Contaminated health supplement makes athletes test positive for steroid use, UCLA researchers discover

November 27, 2000

Athletes hoping to boost their performance by consuming androstenedione - an over-the-counter dietary supplement known as "andro" - may actually increase their risk of testing positive for a steroid banned by sports organizations.

Andro can contain a contaminant that produces a urine byproduct linked to the use of nandrolone - an anabolic steroid, reports a UCLA study in the Nov. 22-29 issue of The Journal of the American Medical Association.

"Our findings question the purity of over-the-counter steroids," said Dr. Don Catlin, principal investigator and director of the UCLA Olympic Analytical Laboratory. "What you buy isn't always what you get."

Researchers from UCLA and Massachusetts General Hospital divided 37 healthy men aged 20 to 44 into three groups to test how their bodies metabolized andro. The first group took 100 milligrams of andro a day for a week, and the second group took 300 milligrams a day for a week. A control group consumed no andro at all.

At the end of the study, the research team tested the men's urine. The 13 men who did not take the supplement showed no positive results. But surprisingly, the urine of all 24 of the men who consumed andro contained 19-norandrosterone, a metabolic byproduct of the steroid nandrolone. Twenty of the men's samples contained enough 19-norandrosterone to test positive for banned steroid use at the Olympics.

"We wondered where the 19-norandrosterone came from," said Catlin, a UCLA professor of pharmacology, "because it's not likely to be a metabolic byproduct of andro."

Catlin and his colleagues decided to analyze the content of the andro capsules. What they discovered alarmed them: each capsule contained a trace contaminant of 19-norandrostenedione - enough to produce a positive urine test for steroid use.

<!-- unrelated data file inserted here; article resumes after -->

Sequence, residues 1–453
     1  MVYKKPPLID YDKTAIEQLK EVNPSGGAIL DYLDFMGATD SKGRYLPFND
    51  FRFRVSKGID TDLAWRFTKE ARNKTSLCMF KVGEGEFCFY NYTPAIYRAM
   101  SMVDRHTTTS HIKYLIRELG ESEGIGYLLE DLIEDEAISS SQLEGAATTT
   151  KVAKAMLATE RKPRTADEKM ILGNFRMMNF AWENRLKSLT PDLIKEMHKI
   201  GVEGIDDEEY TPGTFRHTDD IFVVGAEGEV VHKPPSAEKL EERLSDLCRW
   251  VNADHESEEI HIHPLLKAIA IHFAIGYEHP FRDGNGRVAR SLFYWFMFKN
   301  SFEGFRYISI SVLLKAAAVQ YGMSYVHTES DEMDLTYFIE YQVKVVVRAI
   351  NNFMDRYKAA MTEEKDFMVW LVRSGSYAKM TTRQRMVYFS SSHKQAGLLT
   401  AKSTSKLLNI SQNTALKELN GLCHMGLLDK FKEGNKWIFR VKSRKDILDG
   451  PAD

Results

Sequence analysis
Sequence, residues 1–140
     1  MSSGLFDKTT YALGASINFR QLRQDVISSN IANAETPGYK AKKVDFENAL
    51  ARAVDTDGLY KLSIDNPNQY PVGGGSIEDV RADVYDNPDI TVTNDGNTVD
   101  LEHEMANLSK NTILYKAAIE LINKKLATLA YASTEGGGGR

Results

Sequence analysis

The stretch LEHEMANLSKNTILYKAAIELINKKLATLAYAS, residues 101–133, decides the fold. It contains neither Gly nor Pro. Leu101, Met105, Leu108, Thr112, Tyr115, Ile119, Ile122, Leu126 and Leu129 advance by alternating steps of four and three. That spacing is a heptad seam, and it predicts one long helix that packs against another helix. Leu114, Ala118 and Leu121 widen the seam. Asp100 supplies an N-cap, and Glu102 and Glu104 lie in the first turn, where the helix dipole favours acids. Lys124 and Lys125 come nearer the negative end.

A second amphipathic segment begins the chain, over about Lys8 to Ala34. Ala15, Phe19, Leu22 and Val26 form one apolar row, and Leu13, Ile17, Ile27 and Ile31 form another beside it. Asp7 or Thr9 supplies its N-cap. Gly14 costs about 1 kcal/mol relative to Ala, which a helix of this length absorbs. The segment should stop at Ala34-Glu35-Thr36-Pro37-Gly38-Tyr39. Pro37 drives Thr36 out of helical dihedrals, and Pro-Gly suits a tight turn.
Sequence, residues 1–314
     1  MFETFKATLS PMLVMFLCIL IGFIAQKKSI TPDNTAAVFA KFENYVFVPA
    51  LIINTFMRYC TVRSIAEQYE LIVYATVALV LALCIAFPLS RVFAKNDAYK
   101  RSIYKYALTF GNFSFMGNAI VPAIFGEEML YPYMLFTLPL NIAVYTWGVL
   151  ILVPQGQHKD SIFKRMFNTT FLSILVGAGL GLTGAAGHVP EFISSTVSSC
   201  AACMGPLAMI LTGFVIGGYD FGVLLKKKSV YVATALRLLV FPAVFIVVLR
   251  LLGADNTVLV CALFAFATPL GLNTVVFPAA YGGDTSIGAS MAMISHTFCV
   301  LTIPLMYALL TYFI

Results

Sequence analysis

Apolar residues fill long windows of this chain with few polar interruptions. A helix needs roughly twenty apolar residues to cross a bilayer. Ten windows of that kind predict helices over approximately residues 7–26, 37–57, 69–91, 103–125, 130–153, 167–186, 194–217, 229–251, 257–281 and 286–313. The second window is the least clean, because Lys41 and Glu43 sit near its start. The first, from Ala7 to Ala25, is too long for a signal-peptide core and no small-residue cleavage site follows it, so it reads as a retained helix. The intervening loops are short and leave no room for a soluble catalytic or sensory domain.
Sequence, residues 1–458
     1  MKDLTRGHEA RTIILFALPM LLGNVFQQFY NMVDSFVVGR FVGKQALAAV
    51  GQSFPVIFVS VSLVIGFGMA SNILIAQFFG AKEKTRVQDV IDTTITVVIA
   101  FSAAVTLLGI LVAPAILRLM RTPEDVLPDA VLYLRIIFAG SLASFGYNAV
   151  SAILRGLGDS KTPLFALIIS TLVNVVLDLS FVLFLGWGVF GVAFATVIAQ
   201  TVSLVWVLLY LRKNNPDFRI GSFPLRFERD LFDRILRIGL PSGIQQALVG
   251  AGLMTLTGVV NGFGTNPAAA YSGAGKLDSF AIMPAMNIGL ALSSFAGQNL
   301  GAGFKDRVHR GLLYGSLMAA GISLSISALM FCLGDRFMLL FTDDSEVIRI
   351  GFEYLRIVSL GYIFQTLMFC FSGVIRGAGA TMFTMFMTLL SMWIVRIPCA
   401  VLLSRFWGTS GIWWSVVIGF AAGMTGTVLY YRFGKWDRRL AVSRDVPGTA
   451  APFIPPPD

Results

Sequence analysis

To confirm this, Catlin's team administered a 19-norandrostenedione dose of 10 micrograms (one-ten thousandth of a milligram), which was the average amount they found in the andro capsules. They dosed four men, then analyzed their urine. Each participant tested positive for steroid use under Olympic guidelines.

"The andro manufacturer is not to blame," Catlin said. "The amount of 19-norandrostenedione we detected lies far below the purity level required by the U.S. Food and Drug Administration for regulated pharmaceutical drugs," he said.

Disturbed by their findings, Catlin's team purchased nine different brands of andro and examined their contents in the laboratory. Though each brand advertised its dosage as 100 milligrams, the actual amount in each andro dose varied from zero to 103 milligrams. In addition, some of the capsules' contents did not match what their labels listed.

"Some of the andro brands contained testosterone - which is illegal," Catlin said. "What dietary-supplement customers are buying isn't always what they're getting. This is a case where the buyer must beware."

Catlin acknowledged that his team tested only one batch of andro and cannot claim that all andro is contaminated. Still, he said, "The only way to protect yourself from testing positive for steroid use is to not take drugs or health supplements at all."

Alleged to increase muscle size and strength, andro made headlines in 1998 when baseball icon Mark McGuire admitted using it and hit a record 70 home runs that season. This year, a number of Olympic athletes lost their medals after their urine samples tested positive for 19-norandrosterone. The Olympic Games ban both nandrolone and andro.

"Olympic athletes sometimes take andro, even though it's banned, because the International Olympic Committee has not yet approved a urine test for andro," Catlin said. "We've seen a large rash of athletes testing positive for 19-norandrosterone in the last few years. Many claimed they didn't take anything, but later admitted that they'd used andro or something similar."

The National Collegiate Athletic Association, National Football League, National Gym Association, North American Boxing Federation and professional tennis have banned the supplement.

Experts debate the competitive benefits of andro, some citing that there are none and that usage may actually cause health risks. Despite the controversy, the FDA allows andro and related products to be sold over the counter at health-food stores, gyms and grocery stores.
The National Institutes of Health, National Football League, National Collegiate Athletic Association, U.S. Olympic Committee, Major League Baseball and Major League Baseball Players Association supported the UCLA study. Funding organizations did not participate in the design, conduct, interpretation or analysis of the findings.

Elaine Schmidt

University of California - Los Angeles

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